In the South of France (and also in the far north-east, in Alsace) you can find a tastier alternative to pot-au-feu, with a base of white beans and an assortment of meats (goose or duck confit and sometimes mutton, as well as sausages) cooked traditionally in an earthenware pot that doubles as the bowl in which the dish is served.
Where I live, in Slovenia, enolončice are the most popular, inexpensive malica, a holdover from Socialist days when a hearty brunch-time meal would be served to factory workers during a break around 10 or 11am (work days began at 6am and went until 2pm normally, so the main meal of the day was a very late lunch, eaten at home around 3pm). This barley-rich pot of vegetables, potatoes and cured pork is just the ticket for a winter brunch.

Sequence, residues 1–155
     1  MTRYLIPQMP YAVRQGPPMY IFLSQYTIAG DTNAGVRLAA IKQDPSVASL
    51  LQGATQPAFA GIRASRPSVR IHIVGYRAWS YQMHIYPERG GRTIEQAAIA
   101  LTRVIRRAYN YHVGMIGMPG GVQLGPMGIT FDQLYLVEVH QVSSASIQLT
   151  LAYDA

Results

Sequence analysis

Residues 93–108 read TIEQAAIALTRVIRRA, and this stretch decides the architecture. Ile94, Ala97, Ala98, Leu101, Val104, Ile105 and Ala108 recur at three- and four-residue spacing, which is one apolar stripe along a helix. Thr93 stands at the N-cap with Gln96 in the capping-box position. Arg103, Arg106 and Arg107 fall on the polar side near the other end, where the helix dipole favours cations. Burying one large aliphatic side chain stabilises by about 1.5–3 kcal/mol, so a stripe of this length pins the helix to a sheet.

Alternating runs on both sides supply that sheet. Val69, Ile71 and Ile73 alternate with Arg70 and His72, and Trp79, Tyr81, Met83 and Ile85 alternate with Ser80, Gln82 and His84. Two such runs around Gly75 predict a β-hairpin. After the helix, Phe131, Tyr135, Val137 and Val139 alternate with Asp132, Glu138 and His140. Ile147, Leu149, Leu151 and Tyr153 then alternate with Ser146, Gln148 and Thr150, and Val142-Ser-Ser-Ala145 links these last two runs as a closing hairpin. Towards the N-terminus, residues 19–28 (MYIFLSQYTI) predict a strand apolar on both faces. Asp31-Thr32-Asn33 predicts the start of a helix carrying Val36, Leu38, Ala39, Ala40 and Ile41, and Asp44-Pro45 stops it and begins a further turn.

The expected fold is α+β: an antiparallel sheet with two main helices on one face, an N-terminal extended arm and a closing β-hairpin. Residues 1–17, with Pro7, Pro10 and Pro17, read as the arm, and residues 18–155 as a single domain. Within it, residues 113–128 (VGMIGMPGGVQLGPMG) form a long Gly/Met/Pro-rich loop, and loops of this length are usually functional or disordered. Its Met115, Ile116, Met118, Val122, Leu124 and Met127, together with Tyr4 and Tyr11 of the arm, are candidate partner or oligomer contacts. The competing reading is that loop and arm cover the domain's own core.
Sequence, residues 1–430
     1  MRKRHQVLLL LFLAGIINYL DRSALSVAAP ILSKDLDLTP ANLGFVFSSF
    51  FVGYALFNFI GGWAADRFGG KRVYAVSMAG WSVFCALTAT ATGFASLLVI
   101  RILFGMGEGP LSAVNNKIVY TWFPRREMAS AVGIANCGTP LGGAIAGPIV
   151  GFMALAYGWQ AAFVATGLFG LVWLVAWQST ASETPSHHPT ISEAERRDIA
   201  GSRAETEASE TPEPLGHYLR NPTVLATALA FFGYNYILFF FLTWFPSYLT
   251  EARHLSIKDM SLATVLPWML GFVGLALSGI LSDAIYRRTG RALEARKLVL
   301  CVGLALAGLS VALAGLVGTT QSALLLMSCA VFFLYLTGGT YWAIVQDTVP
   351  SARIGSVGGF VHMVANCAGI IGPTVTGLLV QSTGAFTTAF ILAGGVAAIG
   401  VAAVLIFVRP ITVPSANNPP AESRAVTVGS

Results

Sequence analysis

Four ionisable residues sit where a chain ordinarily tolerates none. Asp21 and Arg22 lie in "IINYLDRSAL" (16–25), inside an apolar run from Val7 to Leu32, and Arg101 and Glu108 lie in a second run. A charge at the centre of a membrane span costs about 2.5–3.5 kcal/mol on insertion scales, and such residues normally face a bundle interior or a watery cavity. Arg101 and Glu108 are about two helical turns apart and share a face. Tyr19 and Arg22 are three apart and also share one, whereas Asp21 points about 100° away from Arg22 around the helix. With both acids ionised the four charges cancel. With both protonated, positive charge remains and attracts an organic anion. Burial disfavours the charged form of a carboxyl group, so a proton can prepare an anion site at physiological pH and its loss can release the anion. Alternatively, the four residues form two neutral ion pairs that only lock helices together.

When you started this article, pho might have been the first dish that came to mind. Like Japanese ramen and all manner of variations of Asian noodle soups, spicy broth is studded with vegetables, meat or fish, egg and legumes.
Korea’s popular meal in a stone bowl features rice, egg, meat, vegetables and sauce all laid out photogenically—until you mix it all up to eat, and let the egg, cracked over the surface when served, cook as you mix it with your chopsticks through the swirled ingredients.
Breton Kig Ha Farz
This specialty of Leon in Brittany combines meat, veg and even a sort of stuffing in one, simmering not only the meat and veg but also a buckwheat flour (farz) that absorbs moisture and flavour and becomes a sort of cross between polenta, stuffing and pudding.
South African Potjiekos
An ideal addition to our list, as the name means “small pot food,” this is a category of stew made outdoors, in a small cast-iron cauldron (preferably with three legs), an African descendent of a Dutch oven. Meat and veg, rice or potatoes are stewed over water, but if you’re getting fancy, you can include beer or even dessert wine. The traditional meat is venison, but in practice whatever outdoorsman can catch can be thrown in.